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City of Francistown get ready for Mali

FRANCISTOWN: The Zebras supporters eagerly await a David versus Goliath clash in the form of the national team taking on the mighty Les Aigles of Mali at the Francistown Sport Complex on Saturday.

In random interviews around town, the supporters believe the Francistown stadium is a fortress that will always yield positives for the Zebras. “This is not just a common stadium.  It is blessed by the great God of Bakalanga.   ‘Ke stadium sa ga Ngwale’. If Mali is a mountain we are going to climb it.  Since the beginning of the week we have been dressing for the Zebras, and we will be dressed like this until after the game.  I predict a 2-1 win,” said Kabelo Tanyala, a combi driver.

Mbakiso Star, 23, and Keorapetse Makhokhoba, 22, both hawkers said they had just been discussing the game and secured tickets for the weekend encounter. Star said he wishes Segolame Boy comes in for Hendrick Moyo.  “If the coach could introduce Boy alongside Tsotso, then we will have no doubts in our attack. Boy has a magic touch and he can finish calmly.

Of course Moyo is a great player, but he is too wasteful.  Maybe if he comes in as a sub, he will score.  I predicted a 1-0 against Burkina Faso, I also predict the same for this game,” he said. However, another supporter, John Tabojosi, 26, has more faith in Peter Butler’s charges.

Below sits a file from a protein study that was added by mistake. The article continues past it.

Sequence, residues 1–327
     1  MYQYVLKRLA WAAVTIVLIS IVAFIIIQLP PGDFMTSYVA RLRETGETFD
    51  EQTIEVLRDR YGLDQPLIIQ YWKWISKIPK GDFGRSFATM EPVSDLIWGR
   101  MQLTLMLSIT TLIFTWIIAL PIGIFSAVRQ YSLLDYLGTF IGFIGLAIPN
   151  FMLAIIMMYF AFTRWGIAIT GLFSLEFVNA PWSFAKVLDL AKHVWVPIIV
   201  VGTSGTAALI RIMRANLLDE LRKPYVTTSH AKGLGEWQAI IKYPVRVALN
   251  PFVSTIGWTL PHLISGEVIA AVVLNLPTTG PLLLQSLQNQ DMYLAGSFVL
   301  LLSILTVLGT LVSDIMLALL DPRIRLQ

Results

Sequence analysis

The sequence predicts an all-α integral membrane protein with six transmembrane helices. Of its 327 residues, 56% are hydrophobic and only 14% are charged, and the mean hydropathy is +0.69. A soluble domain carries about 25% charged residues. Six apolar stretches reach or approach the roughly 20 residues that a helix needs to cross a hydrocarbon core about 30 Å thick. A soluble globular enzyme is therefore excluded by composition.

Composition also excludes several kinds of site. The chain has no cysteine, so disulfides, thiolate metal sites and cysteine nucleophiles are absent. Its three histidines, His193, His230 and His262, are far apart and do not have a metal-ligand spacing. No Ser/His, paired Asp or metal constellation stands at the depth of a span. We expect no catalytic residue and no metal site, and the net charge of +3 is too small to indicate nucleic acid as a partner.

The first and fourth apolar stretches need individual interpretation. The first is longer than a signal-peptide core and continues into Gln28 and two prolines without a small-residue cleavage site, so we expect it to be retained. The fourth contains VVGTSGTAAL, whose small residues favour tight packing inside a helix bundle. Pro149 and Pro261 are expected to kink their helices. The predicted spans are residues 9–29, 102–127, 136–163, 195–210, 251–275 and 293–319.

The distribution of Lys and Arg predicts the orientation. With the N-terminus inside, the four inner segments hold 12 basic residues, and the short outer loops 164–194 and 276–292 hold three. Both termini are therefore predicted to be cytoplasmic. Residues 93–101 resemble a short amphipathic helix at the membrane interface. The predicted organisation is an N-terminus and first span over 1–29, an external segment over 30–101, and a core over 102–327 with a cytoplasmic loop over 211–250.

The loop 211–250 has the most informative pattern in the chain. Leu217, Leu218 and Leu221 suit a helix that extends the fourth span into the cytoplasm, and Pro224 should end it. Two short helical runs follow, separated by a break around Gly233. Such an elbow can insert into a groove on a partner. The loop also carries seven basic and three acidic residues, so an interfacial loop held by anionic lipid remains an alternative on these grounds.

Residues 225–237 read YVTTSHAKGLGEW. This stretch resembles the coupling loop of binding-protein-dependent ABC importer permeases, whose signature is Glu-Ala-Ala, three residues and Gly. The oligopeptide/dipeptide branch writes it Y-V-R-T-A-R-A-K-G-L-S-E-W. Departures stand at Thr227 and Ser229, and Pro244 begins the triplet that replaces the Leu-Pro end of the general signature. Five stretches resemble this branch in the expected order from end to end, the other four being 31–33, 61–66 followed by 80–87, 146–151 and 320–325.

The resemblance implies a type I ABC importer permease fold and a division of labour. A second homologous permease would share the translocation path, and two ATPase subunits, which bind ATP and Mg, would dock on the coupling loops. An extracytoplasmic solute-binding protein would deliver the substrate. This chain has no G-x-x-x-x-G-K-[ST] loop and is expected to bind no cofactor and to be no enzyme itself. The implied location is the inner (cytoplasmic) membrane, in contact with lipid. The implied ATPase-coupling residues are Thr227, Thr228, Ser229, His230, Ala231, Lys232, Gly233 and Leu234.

“That team will take us far.  I trust our coach’s strategies and our best 11. Moyo is our key player whether he scores or not he must start.

“We might have lost to Mali previously, but that was then. This is a different ball game altogether; different strategies, different players and different stadium. We are going to shock Mali 3-0.  10 am Saturday I am getting in the stadium.   I will have my lunch there, teams will find me,” said an excited Tabojosi.

Forty—five-year-old street Vendor, Galentlogele Tshola said: “I want to go there and do business. I have picked a ‘No’ on two occasions, but I will try my luck again”.

“It’s not a problem if I miss out I have my ticket ready and I want to see my heroes.  I want to see Ditsile (Lebogang). That boy plays good football.  He is my best player,” she said. Meanwhile, 26-year-old Portia Rasebopeng, a hawker selling Zebras regalia, said she has been experiencing good sales since Monday. “I have been selling here for over a month now, but since Monday I have had good sales. People are buying and T-shirts are the most sought-after items. I sell everything from wigs, bands, sunglasses, flags, chitenges and a lot more.

“On Saturday I won’t be selling.  It’s Zebras business and I will be watching the game. We are going to win 3-0,” she predicted.

source: Mmegi

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National First Divisions undergo Operation Time For Change drill

GABORONE, Botswana – In its relentless quest to professionalize and commercialize local football, the Botswana Football Association (BFA) has extended the FIFA approved and funded programme dubbed Administration and Management Course – Operation Time for Change to National First Division Leagues (NFDL), both in the South and North regions. The five-day rigorous training, which kicked off at Tlotlo Hotel and Conference Centre in Gaborone on Monday (yesterday), is aimed at endowing leaders of football clubs to effectually grow football from grassroots level and administer it with indispensable proficiency.